July 30, 1993 - From the July, 1993 issue

Conservancy’s Amy Forbes Reflects on 15 Years of Preservation Advocacy

The Los Angeles Conservancy was formed after a proposal to demolish the Central Library in the City of Los Angeles. Amy Forbes, president of the Los Angeles Conservancy and a land use attorney for the law firm of Gibson, Dunn & Crutcher reflects on the 15 years since its formation — from the victory of Sheraton Townhouse to efforts in building a preservation consitituency. 

Amy Forbes: With a motto of "action, awareness, and assistance," the Conservancy is determined to put preservation on the City of Los Angeles' planning agenda.

The Los Angeles Conservancy turns 15 this year. Formed in response to a proposal to demolish the Central Library to make way for yet another office project in downtown Los Angeles, the organization has grown from a group of concerned citizens meeting in living rooms, to the largest historic preservation organization west of the Mississippi. 

With a motto of "action, awareness, and assistance," the Conservancy is determined to put preservation on the City of Los Angeles' planning agenda. 

As the Conservancy has matured, we have attempted to move away from building-by-building fights toward a more global approach to preservation issues. We have strengthened ties with individual policy makers, worked more closely with neighborhood groups, and expanded our education and outreach efforts. The Conservancy is also blessed with a team of very able volunteer lawyers.

Sheraton Townhouse Victory 

The City Council's unanimous decision on April 7th to designate the Sheraton Townhouse as a Los Angeles cultural monument evidences the Conservancy's growing impact. In the three weeks following a 3-2 vote by the City's Cultural Heritage Commission against designation, the Conservancy had organized a rally attended by more than 300 people, met with representatives from each of the Council offices, and located developers interested in reusing the building. Despite the building owner's full political press in favor of demolition, the Council held firm for designation.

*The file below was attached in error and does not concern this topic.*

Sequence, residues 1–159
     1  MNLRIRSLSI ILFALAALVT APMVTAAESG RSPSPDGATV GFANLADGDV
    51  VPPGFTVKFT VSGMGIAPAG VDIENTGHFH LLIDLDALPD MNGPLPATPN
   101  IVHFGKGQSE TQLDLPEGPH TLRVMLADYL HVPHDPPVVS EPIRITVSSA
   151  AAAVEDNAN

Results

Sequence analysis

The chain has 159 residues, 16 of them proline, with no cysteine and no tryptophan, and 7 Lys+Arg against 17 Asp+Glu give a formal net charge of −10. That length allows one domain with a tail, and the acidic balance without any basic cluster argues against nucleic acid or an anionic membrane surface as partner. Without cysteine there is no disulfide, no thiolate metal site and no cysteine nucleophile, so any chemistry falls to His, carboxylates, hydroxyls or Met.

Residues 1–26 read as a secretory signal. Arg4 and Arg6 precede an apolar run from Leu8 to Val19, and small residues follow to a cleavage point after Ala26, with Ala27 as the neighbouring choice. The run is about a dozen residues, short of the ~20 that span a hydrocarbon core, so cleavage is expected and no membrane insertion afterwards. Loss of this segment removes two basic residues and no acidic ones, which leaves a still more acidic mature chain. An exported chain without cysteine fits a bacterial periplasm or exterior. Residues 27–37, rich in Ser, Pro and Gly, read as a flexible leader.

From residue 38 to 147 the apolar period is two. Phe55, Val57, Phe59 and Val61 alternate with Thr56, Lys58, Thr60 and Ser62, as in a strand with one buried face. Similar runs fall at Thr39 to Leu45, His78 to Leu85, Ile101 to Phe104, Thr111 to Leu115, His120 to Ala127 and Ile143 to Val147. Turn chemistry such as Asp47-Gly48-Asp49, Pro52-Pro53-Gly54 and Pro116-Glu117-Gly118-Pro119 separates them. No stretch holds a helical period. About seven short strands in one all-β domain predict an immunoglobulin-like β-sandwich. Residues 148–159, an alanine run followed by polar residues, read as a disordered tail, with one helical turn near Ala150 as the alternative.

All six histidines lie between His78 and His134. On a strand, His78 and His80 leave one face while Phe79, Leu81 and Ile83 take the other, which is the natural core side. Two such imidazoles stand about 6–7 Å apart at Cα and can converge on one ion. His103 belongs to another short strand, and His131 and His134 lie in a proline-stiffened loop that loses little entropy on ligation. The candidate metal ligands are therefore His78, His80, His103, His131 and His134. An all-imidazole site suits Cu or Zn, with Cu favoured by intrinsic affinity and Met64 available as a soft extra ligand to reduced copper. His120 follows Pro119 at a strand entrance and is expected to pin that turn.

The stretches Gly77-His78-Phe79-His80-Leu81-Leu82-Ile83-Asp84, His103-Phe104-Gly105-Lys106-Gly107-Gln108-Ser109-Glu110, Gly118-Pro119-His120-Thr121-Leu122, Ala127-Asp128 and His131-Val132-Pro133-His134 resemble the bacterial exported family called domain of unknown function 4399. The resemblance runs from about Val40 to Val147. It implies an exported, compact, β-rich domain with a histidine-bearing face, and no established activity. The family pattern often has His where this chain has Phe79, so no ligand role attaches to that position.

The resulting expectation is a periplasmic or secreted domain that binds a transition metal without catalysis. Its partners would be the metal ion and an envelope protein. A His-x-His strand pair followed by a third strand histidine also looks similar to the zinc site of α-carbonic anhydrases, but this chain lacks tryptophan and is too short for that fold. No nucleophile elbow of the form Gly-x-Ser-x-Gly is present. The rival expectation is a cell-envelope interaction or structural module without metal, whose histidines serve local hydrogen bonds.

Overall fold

The fight to save the Sheraton Townhouse highlighted one of the major deficiencies in the Cultural Heritage Ordinance. The ordinance, as presently drafted, does not prevent demolition of significant resources. It merely assures no demolition without a prior environmental impact report. Councilman Nate Holden had expressed a strong preference for avoiding designation with an agreement in which the owner would agree not to demolish the building until plans for the new project had been approved by the City. Arguably, such a side agreement would have afforded the building more protection than designation. 

The Conservancy analyzed the Councilman's offer and concluded that even though a specifically negotiated agreement could possibly provide a better result in the short term, it would perpetuate resolution of preservation issues on a case by case basis. The Conservancy declined Councilman Holden's offer, recognizing that refusal to accept the agreement could mean loss of the Councilman’s support for designation, or (even if the building were designated) loss of the building if the owner prepared an adequate environmental impact report. 

Fortunately, the building's owner also declined Councilman Holden’s offer for a side agreement, and decided to fight its battle on the floor of the Council. By a 12-0 decision, the Council found in favor of designation. Presently developers and other organizations have expressed interest in buying the Townhouse and converting the building to housing (ironically, its original use).